Fighting toxic chemicals to fixing cyber infrastructure: The government's top 10 trials and tribulations

The US government certainly has its hands full, especially now with the new administration transitioning in.  And the list of problems and hot spots continues to grow.  Watchdogs at the Government Accounting Office periodically assess the Fed's most high-risk areas or areas that are prone to fraud, waste, abuse, and mismanagement that can directly impact all of us.

On the GAO hit list which was sent to the 111th Congress this week are all manner of issues from repairing the nation's cyber infrastructure and keeping taxpayer information private to how to effectively move the IRS and financial regulatory systems into the future.

Interestingly one of the GAO's oft-targeted ventures, the Federal Aviation Administration (FAA) Air Traffic Control modernization has been dropped from the high risk list. The GAO first included FAA Air Traffic Control modernization on its hit list in 1995 because of previous cost overruns, schedule delays and performance shortfalls.

While the list currently includes some 31 areas that the GAO says are riskiest, for our purposes we'll focus on 10. From the GAO report they include:

Protecting the Federal government's information systems and the nation's critical infrastructures

Federal agencies have made progress in strengthening information security. The administration has also launched several initiatives that are intended to improve security over federal systems, such as establishing security configurations for desktop computers and reducing the number of federalaccess points to the Internet. However, most agencies continue to experience significant deficiencies that jeopardize the confidentiality, integrity, and availability of their systems and information. For example, agencies did not consistently implement effective controls to prevent, limit, and detect unauthorized access or manage the configuration of network devices to prevent unauthorized access and ensure system integrity. Until agencies implement the hundreds of recommendations made by GAO and their inspectors general to resolve identified deficiencies and fully implement effective security programs, a broad array of federal assets and operations will remain at unnecessary risk of fraud, misuse, and disruption.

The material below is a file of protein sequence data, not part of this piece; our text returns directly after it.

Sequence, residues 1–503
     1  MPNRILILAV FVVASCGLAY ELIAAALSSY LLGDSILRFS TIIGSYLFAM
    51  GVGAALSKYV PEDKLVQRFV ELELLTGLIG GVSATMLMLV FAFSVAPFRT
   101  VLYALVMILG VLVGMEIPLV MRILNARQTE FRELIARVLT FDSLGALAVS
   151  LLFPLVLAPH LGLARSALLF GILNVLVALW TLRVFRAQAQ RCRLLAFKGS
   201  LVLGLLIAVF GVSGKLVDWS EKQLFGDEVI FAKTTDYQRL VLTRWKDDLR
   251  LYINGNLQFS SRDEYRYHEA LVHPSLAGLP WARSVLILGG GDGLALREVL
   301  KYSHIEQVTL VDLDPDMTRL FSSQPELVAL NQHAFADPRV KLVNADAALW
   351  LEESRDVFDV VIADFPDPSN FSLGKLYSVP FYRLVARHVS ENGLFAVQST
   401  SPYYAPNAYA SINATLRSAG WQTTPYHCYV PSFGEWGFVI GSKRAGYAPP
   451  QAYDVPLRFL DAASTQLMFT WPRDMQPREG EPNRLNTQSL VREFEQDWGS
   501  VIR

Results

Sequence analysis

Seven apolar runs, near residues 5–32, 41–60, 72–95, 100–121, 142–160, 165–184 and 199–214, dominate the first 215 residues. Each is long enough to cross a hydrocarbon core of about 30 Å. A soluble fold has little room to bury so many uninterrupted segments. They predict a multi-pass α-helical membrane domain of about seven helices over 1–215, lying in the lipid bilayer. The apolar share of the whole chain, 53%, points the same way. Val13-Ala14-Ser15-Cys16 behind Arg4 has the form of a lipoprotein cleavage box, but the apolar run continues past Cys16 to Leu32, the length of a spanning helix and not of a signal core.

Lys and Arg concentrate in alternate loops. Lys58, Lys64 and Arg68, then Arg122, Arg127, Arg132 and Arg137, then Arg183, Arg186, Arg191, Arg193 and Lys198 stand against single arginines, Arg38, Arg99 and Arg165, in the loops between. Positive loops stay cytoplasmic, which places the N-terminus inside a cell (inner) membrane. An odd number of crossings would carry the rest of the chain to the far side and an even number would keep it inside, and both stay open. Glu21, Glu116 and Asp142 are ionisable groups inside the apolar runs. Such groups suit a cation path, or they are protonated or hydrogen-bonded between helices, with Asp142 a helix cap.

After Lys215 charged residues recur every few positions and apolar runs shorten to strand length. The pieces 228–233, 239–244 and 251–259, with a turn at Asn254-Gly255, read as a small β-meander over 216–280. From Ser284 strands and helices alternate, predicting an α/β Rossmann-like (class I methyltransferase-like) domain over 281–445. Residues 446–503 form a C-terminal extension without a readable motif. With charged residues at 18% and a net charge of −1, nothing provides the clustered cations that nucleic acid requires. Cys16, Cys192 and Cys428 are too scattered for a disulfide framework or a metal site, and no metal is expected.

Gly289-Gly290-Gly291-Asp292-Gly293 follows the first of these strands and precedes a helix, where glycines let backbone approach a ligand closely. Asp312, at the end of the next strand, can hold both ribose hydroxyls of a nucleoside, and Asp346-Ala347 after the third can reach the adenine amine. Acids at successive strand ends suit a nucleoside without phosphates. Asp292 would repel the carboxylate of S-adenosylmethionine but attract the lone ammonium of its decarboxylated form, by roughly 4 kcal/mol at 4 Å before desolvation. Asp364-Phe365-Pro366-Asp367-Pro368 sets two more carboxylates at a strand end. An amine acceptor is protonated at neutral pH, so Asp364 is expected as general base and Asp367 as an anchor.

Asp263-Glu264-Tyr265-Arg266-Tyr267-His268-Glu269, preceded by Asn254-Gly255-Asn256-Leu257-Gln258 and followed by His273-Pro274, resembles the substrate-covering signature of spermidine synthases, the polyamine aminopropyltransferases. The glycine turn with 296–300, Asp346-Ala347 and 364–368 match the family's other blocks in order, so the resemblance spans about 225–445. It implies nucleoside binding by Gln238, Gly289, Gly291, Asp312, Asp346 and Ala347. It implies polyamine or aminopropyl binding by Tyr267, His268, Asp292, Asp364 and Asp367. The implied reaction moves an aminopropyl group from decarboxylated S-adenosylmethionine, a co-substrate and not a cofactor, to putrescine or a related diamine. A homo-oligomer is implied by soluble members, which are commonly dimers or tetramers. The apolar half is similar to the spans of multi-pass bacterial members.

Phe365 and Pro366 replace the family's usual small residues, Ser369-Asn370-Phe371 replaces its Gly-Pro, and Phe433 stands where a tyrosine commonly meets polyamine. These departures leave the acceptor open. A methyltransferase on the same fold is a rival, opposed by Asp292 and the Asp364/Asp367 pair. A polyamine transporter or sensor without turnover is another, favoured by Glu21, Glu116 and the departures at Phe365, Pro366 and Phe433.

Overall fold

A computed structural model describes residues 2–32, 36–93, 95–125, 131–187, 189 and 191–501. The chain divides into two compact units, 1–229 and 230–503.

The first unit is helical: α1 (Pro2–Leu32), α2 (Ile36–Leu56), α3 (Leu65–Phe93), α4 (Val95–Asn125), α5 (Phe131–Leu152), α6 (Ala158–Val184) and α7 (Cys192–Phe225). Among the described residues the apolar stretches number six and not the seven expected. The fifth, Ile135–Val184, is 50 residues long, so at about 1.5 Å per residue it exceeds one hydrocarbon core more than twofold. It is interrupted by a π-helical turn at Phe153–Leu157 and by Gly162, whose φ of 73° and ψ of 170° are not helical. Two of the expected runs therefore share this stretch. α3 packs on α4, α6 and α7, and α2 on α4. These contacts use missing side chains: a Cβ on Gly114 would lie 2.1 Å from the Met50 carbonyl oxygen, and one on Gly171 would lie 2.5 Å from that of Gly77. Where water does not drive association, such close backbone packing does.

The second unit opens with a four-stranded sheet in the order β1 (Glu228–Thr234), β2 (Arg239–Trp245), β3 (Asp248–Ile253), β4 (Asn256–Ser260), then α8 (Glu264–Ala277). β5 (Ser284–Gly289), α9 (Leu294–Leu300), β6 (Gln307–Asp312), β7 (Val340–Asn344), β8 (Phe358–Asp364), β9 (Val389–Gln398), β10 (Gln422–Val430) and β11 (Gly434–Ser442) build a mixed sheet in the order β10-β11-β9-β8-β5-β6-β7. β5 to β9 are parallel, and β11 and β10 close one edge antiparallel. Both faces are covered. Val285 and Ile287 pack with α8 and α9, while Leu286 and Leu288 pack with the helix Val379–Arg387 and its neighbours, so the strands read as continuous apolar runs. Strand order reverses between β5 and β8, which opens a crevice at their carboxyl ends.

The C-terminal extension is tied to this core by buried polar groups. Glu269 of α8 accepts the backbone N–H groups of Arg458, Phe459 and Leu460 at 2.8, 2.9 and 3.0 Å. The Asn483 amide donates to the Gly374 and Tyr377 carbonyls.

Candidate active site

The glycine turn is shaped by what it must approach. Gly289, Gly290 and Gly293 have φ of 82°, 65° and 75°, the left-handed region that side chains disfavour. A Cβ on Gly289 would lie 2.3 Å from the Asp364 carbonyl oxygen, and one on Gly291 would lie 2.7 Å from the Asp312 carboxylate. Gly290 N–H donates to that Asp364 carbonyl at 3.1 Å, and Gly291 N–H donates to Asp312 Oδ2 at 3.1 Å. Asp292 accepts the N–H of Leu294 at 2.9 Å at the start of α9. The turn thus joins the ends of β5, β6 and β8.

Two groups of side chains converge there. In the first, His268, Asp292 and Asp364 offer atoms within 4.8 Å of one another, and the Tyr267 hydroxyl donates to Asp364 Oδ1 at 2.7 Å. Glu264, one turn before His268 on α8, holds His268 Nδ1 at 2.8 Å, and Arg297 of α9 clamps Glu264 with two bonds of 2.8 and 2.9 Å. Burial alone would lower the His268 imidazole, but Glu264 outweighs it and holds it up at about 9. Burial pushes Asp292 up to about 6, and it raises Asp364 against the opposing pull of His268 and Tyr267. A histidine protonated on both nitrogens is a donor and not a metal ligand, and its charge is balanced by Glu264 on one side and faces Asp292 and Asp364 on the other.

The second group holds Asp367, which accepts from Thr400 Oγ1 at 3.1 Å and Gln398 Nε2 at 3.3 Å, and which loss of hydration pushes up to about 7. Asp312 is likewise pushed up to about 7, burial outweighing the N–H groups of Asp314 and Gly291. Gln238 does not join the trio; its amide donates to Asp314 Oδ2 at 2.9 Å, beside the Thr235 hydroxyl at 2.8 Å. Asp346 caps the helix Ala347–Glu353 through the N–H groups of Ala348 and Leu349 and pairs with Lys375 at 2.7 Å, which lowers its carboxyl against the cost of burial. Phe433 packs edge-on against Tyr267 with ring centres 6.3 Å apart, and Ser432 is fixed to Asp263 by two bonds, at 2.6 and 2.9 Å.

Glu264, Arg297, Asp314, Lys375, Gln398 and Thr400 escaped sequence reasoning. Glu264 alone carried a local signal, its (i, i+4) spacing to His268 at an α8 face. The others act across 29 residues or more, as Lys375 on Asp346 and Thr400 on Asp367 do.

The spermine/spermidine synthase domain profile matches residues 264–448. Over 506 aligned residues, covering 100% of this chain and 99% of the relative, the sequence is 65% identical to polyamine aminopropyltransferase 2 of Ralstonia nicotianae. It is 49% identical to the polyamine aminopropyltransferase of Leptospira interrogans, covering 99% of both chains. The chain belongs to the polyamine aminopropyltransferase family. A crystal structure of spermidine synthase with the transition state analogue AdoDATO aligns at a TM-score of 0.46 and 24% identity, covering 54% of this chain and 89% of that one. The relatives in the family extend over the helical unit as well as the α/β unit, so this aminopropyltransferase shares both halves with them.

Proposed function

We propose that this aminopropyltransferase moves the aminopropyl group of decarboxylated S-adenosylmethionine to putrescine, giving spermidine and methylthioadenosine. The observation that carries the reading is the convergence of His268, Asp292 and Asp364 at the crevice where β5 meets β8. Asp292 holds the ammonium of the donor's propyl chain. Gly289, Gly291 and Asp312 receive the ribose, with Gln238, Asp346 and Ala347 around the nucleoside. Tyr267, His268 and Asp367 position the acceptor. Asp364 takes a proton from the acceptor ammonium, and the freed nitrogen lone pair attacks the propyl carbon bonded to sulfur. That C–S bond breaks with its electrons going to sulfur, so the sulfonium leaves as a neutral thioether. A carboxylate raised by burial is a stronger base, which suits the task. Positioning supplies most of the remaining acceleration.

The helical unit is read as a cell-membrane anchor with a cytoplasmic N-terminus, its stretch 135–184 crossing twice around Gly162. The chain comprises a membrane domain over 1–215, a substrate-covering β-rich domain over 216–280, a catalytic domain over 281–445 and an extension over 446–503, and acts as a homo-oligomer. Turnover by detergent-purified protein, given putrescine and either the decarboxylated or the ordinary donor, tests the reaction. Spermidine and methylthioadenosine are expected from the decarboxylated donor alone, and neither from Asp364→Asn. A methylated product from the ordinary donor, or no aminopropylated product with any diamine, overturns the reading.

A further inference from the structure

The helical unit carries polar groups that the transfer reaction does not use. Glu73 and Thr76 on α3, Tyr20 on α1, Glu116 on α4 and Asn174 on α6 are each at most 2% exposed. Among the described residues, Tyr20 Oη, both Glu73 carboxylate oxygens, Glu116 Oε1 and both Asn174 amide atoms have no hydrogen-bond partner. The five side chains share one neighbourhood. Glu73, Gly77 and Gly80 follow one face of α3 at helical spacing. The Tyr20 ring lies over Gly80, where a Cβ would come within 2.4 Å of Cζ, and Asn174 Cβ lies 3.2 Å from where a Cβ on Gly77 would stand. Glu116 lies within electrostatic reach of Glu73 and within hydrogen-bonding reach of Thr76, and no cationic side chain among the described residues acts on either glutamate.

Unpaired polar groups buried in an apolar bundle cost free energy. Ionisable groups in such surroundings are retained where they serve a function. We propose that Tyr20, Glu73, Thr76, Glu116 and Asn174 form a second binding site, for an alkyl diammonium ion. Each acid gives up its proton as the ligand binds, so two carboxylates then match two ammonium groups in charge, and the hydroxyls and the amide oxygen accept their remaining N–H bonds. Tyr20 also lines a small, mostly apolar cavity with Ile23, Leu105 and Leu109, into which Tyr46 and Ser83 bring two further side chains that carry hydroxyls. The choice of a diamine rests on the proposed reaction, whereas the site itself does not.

Ensuring the effective protection of technologies critical to US national security interests

Over the years, GAO has identified weaknesses in the effectiveness and efficiency of government programs designed to protect critical technologies while advancing US interests. Since this area was designated high risk in 2007, the agencies responsible for administering these programs, including the Departments of Commerce, Defense, Justice, State and the Treasury, have made improvements in several areas. However, vulnerabilities continue to exist, and agencies have yet to take action to address GAO's major underlying concern, which is the need for a fundamental re-examination of current government programs to determine how they can collectively achieve their mission and to evaluate the need for alternative approaches.  To ensure the collective effectiveness of programs to identify and protect critical technologies, the executive and legislative branches need to conduct a fundamental reexamination of the current programs and evaluate the potential of alternative approaches.

Funding the surface transportation system

The cost to repair and upgrade the nation's surface transportation system so that it can safely and reliably meet current and future demands is estimated in the hundreds of billions of dollars, and calls have been made to significantly increase federal investment in the system. However, the large increases in costs for surface transportation in recent years have not commensurately improved the performance of the system because many current surface transportation programs are not effective at addressing key challenges, federal goals are numerous and sometimes conflicting, roles are unclear, programs lack links to the performance of the transportation system or of the grantees, and programs in some areas do not use the best tools and approaches to ensure effective investment decisions.

Protecting public health through enhanced oversight of medical products

Inspecting foreign establishments manufacturing drugs or medical devices-Food and  Drug Administration's management of inspections has been compromised by weaknesses in its databases which limit its ability to identify all establishments subject to inspection. FDA also inspects relatively few foreign establishments each year. For example, FDA used a list of 3,249 foreign drug establishments to prioritize its fiscal year 2007 inspections that focus on good manufacturing practices. Based on this list, GAO estimated that FDA may inspect about 8 percent of such establishments in a given year, despite the increasing globalization of this and other industries FDA regulates. At this rate, it would take FDA more than 13 years to inspect each foreign drug establishment on this list once, assuming that no additional establishments are subject to inspection.

Transforming EPA's processes for assessing and controlling toxic chemicals